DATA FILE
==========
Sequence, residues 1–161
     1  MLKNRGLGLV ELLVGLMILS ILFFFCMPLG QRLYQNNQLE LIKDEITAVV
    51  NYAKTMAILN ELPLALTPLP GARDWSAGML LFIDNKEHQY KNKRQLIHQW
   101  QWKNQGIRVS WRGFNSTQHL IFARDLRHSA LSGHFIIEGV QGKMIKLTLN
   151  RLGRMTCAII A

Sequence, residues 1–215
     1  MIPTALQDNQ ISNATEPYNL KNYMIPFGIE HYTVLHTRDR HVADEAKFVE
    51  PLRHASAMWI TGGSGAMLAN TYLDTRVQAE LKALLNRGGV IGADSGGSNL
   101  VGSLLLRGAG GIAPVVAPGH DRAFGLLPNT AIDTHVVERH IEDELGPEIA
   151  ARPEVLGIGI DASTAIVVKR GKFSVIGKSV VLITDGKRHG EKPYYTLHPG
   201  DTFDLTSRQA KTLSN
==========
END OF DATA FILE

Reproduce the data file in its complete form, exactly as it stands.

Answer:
Sequence, residues 1–161
     1  MLKNRGLGLV ELLVGLMILS ILFFFCMPLG QRLYQNNQLE LIKDEITAVV
    51  NYAKTMAILN ELPLALTPLP GARDWSAGML LFIDNKEHQY KNKRQLIHQW
   101  QWKNQGIRVS WRGFNSTQHL IFARDLRHSA LSGHFIIEGV QGKMIKLTLN
   151  RLGRMTCAII A

Sequence, residues 1–215
     1  MIPTALQDNQ ISNATEPYNL KNYMIPFGIE HYTVLHTRDR HVADEAKFVE
    51  PLRHASAMWI TGGSGAMLAN TYLDTRVQAE LKALLNRGGV IGADSGGSNL
   101  VGSLLLRGAG GIAPVVAPGH DRAFGLLPNT AIDTHVVERH IEDELGPEIA
   151  ARPEVLGIGI DASTAIVVKR GKFSVIGKSV VLITDGKRHG EKPYYTLHPG
   201  DTFDLTSRQA KTLSN